Exercise isn’t just for losing weight. Exercise for brain health and find yourself thinking faster, remembering details more and feeling good.
Millions of people exercise to lose weight and look good. Whether we’re burning calories on the treadmill or hiking in the great outdoors, we’re all hoping to shed some weight. But did you know you can exercise for brain health? Working out can alter our brain, helping us retain memories better and also improves cognitive skills.
Exercise to Improve Your Brain
It was reported in a Harvard Health Letter dated 2014 that exercising helps people improve their memory and mental faculties, both through direct and indirect methods.
Why does exercise help the brain?
Scientists believe that exercise helps the brain because of how working out decreases insulin resistance, lowers inflammation and promotes the release of growth factors. These growth factors are chemicals found in the brain that affects brain cells’ health, plus they are also responsible for forming new blood vessels in the brain. These same chemicals furthermore increase the survival rate of fresh brain cells.
And how does exercise indirectly help our brains?
Sticking to a regular exercise routine positively affects sleep and mood. In turn, people feel less stressed and anxious. Numerous studies have shown how lack of sleep and constantly feeling stressed have significant adverse impact on the way people think.
New Brain Connections
The human brain is similar to all the other muscles in the body. If you don’t work out your arm muscles, for instance, expect the muscles in this group to grow weak and shrink. The brain is no different. The same way it helps to hit the gym if you want your arm and leg muscles to grow, using a brain fitness program to improve the neural connections in the brain can do wonders.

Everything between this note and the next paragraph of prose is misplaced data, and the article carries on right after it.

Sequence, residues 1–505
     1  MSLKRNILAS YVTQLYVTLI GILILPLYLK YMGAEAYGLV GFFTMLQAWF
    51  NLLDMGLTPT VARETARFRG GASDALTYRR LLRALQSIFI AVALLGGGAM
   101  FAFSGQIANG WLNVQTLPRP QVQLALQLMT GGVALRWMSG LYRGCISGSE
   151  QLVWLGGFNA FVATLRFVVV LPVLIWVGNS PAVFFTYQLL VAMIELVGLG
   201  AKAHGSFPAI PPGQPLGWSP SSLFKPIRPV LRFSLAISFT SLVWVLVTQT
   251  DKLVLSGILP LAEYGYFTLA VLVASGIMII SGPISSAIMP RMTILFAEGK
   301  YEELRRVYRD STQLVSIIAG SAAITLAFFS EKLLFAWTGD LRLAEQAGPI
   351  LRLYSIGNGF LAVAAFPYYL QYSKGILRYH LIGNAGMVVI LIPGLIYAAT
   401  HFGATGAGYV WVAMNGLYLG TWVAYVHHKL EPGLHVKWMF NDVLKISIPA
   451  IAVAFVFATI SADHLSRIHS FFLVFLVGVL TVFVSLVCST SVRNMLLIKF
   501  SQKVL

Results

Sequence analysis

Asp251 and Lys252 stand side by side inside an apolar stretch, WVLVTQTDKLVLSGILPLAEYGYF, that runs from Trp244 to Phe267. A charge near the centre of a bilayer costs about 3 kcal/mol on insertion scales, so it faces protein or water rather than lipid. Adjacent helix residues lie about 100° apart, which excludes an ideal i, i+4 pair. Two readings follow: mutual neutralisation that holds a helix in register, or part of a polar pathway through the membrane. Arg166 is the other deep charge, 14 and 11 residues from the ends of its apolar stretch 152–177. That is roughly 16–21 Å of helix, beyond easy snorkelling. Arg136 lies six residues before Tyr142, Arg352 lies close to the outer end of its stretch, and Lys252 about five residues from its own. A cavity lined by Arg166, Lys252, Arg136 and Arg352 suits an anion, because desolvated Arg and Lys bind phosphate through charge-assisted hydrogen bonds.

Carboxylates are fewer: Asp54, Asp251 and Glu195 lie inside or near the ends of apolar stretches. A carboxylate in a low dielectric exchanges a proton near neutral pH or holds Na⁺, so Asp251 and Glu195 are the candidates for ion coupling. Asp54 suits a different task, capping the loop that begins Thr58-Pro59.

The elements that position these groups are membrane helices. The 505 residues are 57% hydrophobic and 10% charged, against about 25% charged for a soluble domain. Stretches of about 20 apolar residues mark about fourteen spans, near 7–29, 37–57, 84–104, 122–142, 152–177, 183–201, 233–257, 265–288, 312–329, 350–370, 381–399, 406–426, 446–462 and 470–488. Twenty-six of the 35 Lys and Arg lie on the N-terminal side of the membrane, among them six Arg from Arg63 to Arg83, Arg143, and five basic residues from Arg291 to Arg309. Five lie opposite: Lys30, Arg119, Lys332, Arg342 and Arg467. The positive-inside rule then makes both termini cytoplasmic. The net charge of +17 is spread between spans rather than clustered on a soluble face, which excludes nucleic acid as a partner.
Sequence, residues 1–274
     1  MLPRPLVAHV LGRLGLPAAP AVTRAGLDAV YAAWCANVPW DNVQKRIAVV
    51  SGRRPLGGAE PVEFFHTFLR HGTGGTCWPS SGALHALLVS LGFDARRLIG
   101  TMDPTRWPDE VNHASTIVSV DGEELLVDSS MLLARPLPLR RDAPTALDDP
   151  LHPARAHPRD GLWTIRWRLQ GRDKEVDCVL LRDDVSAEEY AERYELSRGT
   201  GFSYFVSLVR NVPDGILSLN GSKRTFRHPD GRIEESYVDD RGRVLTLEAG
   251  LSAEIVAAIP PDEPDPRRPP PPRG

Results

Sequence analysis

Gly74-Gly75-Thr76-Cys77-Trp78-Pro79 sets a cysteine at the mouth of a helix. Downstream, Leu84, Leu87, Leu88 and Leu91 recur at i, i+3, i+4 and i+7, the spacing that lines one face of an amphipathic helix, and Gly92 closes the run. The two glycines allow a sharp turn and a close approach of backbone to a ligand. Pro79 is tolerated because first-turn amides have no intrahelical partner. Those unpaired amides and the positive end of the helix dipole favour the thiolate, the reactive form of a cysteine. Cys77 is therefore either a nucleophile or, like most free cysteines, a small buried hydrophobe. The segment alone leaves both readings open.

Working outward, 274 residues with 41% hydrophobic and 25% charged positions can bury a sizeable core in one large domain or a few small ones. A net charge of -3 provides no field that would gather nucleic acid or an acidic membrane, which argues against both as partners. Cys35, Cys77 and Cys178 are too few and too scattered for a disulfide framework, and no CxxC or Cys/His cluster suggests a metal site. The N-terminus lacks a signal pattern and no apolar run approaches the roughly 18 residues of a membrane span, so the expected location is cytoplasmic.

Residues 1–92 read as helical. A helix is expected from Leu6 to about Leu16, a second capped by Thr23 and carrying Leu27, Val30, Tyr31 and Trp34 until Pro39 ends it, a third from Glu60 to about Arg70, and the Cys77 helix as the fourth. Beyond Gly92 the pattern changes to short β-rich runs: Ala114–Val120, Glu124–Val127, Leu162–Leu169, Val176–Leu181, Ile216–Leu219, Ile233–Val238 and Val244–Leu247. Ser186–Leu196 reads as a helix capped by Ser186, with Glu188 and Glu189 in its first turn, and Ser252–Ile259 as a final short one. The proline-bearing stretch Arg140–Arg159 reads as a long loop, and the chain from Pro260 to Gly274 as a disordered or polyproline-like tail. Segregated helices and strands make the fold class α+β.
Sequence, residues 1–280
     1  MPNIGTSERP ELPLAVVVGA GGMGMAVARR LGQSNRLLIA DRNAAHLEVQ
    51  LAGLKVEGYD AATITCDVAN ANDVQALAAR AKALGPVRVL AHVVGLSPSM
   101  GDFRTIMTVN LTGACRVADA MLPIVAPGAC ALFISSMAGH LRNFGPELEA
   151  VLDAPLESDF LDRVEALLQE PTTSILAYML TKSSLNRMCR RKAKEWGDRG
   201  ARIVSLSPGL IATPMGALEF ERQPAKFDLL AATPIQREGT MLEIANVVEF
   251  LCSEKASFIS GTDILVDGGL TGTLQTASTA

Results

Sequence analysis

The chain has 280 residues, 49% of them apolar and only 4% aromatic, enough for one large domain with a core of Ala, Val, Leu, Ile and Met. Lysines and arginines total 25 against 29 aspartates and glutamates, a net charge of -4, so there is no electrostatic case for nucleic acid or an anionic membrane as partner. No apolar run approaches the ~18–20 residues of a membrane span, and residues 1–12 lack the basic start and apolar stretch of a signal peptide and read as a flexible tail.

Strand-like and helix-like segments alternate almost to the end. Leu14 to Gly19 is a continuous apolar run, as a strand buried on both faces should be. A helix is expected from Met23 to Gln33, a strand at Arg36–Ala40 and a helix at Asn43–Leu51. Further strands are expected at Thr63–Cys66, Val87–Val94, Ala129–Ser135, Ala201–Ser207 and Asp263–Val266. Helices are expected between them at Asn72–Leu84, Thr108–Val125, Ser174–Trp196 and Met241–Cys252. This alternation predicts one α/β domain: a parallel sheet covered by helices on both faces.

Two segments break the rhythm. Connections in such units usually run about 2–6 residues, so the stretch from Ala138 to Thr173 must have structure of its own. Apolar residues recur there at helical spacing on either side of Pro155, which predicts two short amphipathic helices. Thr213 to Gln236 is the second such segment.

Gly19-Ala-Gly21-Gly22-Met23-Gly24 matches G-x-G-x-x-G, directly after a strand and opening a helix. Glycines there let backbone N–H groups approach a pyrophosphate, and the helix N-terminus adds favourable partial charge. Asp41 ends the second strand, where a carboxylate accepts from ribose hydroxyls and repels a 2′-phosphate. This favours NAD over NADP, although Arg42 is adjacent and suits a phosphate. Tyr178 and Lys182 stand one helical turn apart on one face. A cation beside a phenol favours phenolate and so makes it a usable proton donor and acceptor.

That said, it’s not just mental exercises like playing chess that can improve the brain, physical exercise can positively impact our minds as well. Aerobic exercise is especially thought to be one of the best types of exercises to help the brain function better, both from a behavioural and molecular level. A study conducted by the Department of Exercise Science located at the University of Georgia reported that a mere 20-minute cardiovascular workout will help people process information faster while improving their memory.
Other Benefits of Exercise
There are several ways exercise affects our brains. Running, swimming, sports and the like increases the heart rate. When this happens, the heart pumps more precious oxygen to our brains. Working out also helps the body release different types of hormones. These hormones provide a healthy environment that promotes the growth of cells in the brain.
There are other ways exercise and brain function are correlated. When you put on your running shoes and take a jog, the exercise stimulates your brain’s plasticity. This happens because cardiovascular activities stimulate growth of new neural connections between the cells in your brain. New research conducted by the University of California – Los Angeles (UCLA) proved that exercise promoted growth in the brain, specifically in allowing the brain to produce brand new neuronal connections more efficiently.